Wednesday, 10 August 2022

Vituperation is an art

Katherine Bayford treats us to a good, solid dose of vituperation in The Critic. It isn't necessary to agree with all of it because vituperation, when done well, is an art all may admire.

Why are British politicians such utter bores?
Mediocre people for mediocre times

One of Boris Johnson’s final, whimpering acts of power in his premiership was to appoint a new cabinet. Fatally wounded by a team of ministers made up of those with little charm, intelligence or experience, who was actually left for Boris to replace them with?..

It’s not a matter of our politicians not being able to write anymore. Compared to the recent past they can barely speak. Political debates have succumbed to an entropic, deadening mediocrity. Recent discourse between a patronising, bland Sunak and a po-faced, blank Truss was not a nadir: it was standard fare.

The whole piece is well worth reading. It isn't long, first class vituperation rarely is and there may be interesting reasons for that.

Mediocrity requires mediocrity in order to survive. When judged against excellence — or even simple competence — the insufficiencies of today’s politician become intolerable. It is this which leads the public to distrust politicians more than their policy choices.

Every so often we simply have to stop making limp excuses for the mediocrities who would rule over us. There is a place for limp excuses, but vituperation does clear the air.


dearieme said...

We used to know some politicians, even up to PM - or, rather, we had known them when we were young. Nowadays all we know is the mother of a member of the Shadow Cabinet.

I agree they are a dismal bunch. The only one I've heard speak live who's really impressed me was Enoch Powell. (It was before he was cast out as irredeemably evil.) He handled questions from a roomful of cocky undergraduates with high intelligence and great skill. He also had the rarely glimpsed "charisma" that I've seen attributed absurdly to slime bags like Toni Blair or Bill Clinton.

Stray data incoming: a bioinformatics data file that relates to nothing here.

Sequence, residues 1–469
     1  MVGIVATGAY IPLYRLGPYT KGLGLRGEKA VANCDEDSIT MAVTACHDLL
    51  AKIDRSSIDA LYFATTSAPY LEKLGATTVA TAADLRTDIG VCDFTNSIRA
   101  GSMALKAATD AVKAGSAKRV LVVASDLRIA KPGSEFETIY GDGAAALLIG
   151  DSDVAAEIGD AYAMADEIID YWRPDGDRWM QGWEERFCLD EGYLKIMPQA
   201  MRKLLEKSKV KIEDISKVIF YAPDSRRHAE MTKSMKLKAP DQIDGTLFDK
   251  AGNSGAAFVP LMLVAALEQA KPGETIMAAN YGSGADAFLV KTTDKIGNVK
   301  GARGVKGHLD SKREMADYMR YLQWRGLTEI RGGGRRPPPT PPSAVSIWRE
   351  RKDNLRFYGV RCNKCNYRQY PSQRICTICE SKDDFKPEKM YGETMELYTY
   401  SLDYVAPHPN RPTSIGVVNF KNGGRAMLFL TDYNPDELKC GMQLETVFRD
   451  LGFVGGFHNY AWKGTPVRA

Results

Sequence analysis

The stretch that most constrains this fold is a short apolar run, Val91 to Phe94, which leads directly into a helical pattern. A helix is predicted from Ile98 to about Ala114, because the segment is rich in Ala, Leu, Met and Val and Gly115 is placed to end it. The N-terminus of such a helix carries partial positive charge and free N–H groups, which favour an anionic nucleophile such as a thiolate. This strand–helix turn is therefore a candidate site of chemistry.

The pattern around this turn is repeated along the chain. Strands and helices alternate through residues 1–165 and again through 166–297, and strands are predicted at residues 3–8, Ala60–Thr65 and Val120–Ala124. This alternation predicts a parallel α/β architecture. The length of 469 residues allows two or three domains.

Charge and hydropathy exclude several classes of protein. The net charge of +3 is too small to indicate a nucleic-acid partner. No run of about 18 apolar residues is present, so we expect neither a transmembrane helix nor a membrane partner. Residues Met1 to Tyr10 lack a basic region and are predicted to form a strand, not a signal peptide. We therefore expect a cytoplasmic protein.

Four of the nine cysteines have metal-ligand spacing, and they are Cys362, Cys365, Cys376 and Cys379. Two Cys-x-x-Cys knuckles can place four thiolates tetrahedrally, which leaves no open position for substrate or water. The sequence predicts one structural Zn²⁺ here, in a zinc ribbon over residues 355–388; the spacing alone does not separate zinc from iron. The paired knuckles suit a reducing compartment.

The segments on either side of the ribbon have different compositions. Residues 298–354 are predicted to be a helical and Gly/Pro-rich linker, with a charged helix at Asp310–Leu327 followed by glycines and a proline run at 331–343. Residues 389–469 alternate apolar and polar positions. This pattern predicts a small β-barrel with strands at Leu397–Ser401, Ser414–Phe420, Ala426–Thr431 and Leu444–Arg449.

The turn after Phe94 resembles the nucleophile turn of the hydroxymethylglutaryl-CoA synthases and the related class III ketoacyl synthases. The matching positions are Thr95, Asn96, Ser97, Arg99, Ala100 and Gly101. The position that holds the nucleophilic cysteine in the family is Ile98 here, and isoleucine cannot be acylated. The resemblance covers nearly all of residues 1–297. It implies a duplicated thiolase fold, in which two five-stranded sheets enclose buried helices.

I never heard Thatcher live. I did hear Keith Joseph: pretty good but rather a nervous disposition - lacked the sheer masculinity of Powell.

Sam Vega said...

The vituperation was indeed invigorating, but the truth at the heart of the article made me feel rather depressed. The main question for me is how did we get into this situation? Is it merely that the public (including us, of course!) are now better informed and more educated, so that the old smoke-and-mirrors of political authority no longer works? Hardly, as those politicians from earlier times were impressive individuals. Looking at their books and speeches, we can tell they were objectively better than this lot.

But the rise of the semi-educated commentariat does, I think, have something to do with it. Most politicians seem paralysed with fear, and their poor performances are the result of a terror of saying the wrong thing and being destroyed by the media and the public. Perhaps we have, as an electorate, become so scary that only the mediocre middle-managers can deal with us.

Tammly said...

I think a serious strand of the many possible causes of 'how we have come to this situation' is attributable to the destruction of our education system in the 70s. What we see now, is the final social delivery of the Comprehensive Education System.

James Higham said...

"vituperation, when done well, is an art all may admire"

Shakespeare's ghost might agree.

A K Haart said...

dearieme - I've never known any politicians apart from a few councillors. They were just ordinary chaps doing what they could, although I knew a Labour councillor who was a real oaf.

Sam - that's the question - how did we get into this situation? Partly a semi-educated commentariat, partly semi-educated voters and partly semi-educated wannabe politicians. As if we've lost sight of what it is to be capable and well-educated.

Tammly - I agree. From what I see, comprehensive education can be dire and there will not necessarily be a local standard of educational excellence to highlight just how dire it is.

James - I certainly hope so.